No one has shown as much commitment to the Galle International Stadium as Jayananda Warnaweera has. It was his heart and soul until the morning of December 26, 2004. The tsunami came and destroyed all what he had worked for since 1998, the year when the stadium hosted its inaugural Test match.
To see it spring to life on December 18 when it hosts the third Test between Sri Lanka and England, almost three years to the day after the devastation, is something Warnaweera is unable to describe in words.
"To me this is the rebirth of Stadium," he said. "The satisfaction I get to see the stadium come up again and host cricket matches is something which words cannot express. It is not something that you expect and get but something like an act of God. My dream of having an international stadium in Galle was washed away by the tsunami but it has now been reborn."
The stadium looked splendid with the Galle Fort providing the ideal backdrop to a unique international venue. It was bucketing rain and Warnaweera, in three-quarter trousers , was supervising the work to get it ready in time. However, part of the ground was submerged in water and he blamed the cricket authorities for not taking timely action in getting the pumps fitted to draw the water out of the ground.
He was, however, confident that the stadium would be ready in time to host the Test match.
"The question is not whether we can complete the stadium and the ground in time for the Test, but it has come to a point where everything must be completed before Tuesday," said Warnaweera. "You cannot expect every aspect of the stadium to be 100 percent complete, there will be a few small snags here and there, but to host the Test match we have addressed all the requirements."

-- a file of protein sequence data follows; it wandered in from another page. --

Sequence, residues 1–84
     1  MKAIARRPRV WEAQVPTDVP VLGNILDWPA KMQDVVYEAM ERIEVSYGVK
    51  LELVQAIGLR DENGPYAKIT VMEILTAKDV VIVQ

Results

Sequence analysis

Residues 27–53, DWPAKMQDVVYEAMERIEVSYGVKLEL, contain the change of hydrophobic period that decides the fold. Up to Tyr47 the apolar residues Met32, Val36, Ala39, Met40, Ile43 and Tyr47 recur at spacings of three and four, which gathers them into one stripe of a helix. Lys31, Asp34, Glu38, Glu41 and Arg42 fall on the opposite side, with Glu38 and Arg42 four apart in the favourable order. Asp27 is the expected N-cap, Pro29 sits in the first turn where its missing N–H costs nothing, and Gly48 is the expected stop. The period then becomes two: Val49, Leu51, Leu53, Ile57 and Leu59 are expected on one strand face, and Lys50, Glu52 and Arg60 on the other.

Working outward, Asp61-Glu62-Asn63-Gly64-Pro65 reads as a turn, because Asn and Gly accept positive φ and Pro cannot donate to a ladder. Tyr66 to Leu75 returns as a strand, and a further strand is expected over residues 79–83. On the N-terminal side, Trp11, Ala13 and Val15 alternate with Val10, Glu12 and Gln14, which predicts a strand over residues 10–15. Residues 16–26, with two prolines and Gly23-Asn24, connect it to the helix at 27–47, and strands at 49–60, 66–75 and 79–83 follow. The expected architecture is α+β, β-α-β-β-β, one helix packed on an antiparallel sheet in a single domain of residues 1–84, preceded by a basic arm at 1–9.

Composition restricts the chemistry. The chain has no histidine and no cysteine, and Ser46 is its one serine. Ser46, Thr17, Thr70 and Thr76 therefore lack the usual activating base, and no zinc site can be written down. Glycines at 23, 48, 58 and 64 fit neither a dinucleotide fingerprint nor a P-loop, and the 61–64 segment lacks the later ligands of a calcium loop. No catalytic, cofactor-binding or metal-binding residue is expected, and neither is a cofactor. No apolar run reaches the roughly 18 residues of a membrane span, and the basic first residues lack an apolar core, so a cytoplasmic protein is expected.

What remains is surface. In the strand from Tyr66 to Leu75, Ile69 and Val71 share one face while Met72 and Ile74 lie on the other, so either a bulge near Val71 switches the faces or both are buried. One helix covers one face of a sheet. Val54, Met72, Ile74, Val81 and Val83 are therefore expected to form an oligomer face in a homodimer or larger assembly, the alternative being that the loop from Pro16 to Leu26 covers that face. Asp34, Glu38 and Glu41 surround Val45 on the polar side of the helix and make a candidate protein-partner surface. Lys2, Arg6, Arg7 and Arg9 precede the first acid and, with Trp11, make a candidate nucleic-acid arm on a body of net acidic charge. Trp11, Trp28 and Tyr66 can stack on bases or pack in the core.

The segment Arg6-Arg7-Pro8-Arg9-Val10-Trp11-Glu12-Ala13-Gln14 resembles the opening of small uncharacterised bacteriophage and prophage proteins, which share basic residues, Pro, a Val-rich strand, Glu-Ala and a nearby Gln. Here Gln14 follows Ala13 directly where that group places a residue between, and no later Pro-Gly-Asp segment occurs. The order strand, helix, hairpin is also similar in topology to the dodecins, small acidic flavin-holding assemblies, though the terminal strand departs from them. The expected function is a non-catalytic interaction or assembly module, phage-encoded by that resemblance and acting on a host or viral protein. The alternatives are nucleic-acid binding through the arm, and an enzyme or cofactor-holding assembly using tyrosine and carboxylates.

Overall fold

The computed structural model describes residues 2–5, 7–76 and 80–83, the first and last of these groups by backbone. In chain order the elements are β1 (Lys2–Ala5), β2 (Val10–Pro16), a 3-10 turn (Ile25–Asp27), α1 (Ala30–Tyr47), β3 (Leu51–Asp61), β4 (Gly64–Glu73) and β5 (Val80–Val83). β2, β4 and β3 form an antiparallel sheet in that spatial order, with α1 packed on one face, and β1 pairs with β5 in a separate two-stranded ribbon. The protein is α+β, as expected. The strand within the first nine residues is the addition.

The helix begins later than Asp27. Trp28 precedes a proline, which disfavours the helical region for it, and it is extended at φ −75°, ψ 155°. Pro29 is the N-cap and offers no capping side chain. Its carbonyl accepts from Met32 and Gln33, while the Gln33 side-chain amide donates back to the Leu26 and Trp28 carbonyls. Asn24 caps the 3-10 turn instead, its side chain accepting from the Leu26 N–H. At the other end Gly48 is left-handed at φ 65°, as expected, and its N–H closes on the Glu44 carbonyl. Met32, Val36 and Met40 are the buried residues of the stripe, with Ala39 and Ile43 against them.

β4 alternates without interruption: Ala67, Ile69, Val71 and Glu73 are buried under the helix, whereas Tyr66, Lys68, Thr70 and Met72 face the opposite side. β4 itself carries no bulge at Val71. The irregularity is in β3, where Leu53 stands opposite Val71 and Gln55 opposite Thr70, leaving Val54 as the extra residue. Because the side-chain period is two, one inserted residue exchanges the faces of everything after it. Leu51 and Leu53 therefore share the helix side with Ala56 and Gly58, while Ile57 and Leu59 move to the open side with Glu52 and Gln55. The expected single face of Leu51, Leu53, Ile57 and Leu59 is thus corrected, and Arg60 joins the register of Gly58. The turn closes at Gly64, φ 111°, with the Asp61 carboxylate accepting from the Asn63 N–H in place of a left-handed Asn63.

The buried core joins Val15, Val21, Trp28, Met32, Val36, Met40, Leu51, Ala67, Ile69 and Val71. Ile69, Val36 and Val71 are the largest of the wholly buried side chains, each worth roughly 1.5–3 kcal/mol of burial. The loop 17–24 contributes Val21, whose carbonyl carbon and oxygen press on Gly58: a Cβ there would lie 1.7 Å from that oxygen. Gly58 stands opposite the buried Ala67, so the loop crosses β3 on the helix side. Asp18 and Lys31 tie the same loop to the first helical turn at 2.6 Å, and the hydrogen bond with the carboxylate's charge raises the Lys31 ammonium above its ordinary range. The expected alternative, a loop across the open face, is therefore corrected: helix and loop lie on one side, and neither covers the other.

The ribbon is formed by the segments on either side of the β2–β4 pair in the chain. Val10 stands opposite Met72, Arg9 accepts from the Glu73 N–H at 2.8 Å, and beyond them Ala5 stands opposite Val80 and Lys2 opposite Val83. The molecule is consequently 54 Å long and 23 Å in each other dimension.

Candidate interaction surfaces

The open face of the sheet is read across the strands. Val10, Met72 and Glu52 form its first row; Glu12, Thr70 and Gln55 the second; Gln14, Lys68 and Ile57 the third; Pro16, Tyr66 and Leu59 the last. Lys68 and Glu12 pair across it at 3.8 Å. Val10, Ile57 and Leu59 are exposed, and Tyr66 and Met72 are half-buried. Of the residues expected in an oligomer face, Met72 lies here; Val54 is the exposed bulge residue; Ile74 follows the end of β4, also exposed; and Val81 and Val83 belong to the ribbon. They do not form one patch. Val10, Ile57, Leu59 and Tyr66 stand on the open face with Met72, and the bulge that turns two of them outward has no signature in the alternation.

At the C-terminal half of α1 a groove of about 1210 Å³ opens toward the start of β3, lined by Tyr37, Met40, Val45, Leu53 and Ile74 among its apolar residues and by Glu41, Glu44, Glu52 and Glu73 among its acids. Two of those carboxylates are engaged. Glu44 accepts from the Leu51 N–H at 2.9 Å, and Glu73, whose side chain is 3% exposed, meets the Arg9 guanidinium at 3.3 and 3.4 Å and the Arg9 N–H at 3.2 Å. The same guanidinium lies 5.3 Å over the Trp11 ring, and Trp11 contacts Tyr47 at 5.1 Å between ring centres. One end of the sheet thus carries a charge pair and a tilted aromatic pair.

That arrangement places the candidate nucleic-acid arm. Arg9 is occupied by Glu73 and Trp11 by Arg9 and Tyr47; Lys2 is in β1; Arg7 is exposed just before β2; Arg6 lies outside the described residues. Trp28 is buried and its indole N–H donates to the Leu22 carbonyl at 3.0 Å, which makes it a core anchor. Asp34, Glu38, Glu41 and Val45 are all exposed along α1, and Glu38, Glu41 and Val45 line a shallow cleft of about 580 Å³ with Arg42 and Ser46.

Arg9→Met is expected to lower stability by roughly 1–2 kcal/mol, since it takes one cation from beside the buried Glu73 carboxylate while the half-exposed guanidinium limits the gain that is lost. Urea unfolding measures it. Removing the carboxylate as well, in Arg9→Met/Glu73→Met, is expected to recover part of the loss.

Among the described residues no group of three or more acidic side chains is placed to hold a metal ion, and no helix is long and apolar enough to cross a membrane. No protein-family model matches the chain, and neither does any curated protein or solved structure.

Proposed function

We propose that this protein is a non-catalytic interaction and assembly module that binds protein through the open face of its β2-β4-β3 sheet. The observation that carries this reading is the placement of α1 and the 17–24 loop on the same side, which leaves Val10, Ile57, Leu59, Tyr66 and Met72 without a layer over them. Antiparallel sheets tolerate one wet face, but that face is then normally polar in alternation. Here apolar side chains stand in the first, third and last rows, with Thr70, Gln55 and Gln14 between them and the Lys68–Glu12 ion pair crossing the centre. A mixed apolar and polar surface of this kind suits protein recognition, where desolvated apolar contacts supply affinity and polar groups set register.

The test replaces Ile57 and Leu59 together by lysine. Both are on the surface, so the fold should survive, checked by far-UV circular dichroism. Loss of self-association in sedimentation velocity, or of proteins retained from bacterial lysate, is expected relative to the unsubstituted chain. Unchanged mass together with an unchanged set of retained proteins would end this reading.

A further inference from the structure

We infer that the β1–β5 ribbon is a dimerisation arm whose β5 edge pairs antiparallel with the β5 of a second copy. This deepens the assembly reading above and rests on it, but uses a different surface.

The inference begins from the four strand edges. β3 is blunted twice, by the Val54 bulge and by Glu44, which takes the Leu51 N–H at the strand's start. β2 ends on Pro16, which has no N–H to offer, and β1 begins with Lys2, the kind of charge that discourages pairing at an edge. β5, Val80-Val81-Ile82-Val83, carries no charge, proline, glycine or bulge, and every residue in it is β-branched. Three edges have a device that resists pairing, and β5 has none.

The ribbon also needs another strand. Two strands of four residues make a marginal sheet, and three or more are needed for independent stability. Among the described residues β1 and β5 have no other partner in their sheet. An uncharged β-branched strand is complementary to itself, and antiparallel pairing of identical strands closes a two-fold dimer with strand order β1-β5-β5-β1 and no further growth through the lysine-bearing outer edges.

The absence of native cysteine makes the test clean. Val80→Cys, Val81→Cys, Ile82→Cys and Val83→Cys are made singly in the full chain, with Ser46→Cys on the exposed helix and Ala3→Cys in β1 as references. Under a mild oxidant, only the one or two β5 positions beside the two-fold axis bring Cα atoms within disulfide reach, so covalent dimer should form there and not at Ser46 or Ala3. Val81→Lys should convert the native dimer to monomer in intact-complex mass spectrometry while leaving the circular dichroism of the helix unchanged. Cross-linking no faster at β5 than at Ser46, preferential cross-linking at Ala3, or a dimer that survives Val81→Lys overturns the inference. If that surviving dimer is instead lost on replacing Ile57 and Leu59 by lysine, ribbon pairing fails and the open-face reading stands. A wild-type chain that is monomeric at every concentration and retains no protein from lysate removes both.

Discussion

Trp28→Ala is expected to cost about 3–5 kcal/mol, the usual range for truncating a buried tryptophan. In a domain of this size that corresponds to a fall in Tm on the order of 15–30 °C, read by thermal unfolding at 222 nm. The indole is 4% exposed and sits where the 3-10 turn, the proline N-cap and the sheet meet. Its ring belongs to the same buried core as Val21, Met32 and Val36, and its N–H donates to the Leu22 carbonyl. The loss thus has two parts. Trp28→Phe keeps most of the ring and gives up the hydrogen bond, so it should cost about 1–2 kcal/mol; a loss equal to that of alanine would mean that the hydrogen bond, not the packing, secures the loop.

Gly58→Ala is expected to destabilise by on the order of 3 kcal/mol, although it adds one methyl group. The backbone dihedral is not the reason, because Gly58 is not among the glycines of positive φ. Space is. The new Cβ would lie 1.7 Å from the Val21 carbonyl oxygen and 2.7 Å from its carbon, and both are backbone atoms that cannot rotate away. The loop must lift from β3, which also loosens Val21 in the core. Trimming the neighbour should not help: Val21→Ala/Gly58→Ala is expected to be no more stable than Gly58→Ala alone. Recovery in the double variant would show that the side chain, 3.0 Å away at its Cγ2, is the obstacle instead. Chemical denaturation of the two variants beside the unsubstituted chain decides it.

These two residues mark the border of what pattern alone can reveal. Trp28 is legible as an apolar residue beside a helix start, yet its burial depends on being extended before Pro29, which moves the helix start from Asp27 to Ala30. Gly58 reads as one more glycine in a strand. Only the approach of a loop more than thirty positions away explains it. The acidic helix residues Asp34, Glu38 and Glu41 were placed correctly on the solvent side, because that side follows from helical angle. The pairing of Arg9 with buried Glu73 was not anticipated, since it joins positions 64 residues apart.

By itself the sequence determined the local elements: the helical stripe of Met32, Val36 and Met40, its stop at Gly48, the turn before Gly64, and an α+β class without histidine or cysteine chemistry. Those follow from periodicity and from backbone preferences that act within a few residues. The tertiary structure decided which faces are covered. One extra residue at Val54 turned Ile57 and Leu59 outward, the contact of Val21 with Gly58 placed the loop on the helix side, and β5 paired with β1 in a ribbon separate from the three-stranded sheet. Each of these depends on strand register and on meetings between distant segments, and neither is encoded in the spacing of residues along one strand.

Warnaweera said that in the past two months or so there were between 600-1000 people from five companies working around the clock undertaking construction at different sections of the stadium.
"Work on the ground has been completed almost 100 percent, but after the Test there are also other small details to be attended to," he said. The new-look stadium comprises the media centre, pavilion and dressing rooms, the Galle Municipal pavilion and the grandstand.
"This is unusual rain," he mused. "In normal circumstances if it rains we can recommence the match after the rain in about 30 minutes because we have installed a good drainage system. The academy side played a match here and there was a fair amount of bounce on the pitch. Unlike SSC [Colombo] only one captain will criticise the pitch because it is result oriented.
"To a great extent it will help the spinners. I cannot predict exactly how the wicket will play until you really play on it. It is only after about five matches that you can really assess how this wicket is going to play. My advice to both captains is to bat first if they win the toss. They might have to take into consideration the weather because if it rains like today there could be moisture underneath."
Warnaweera, who has virtually lived all his life at the stadium, said: "I played cricket for Galle cricket club for 25 years. In those years we used to make the wicket to suit our bowling strengths. As a player I used to do the curator's job as well. When in 1998 Galle became an international stadium it was no big deal undertaking the curator's job and preparing a Test match wicket. This is my first home. When I come here at 6am I go home at midnight. I go home only to sleep."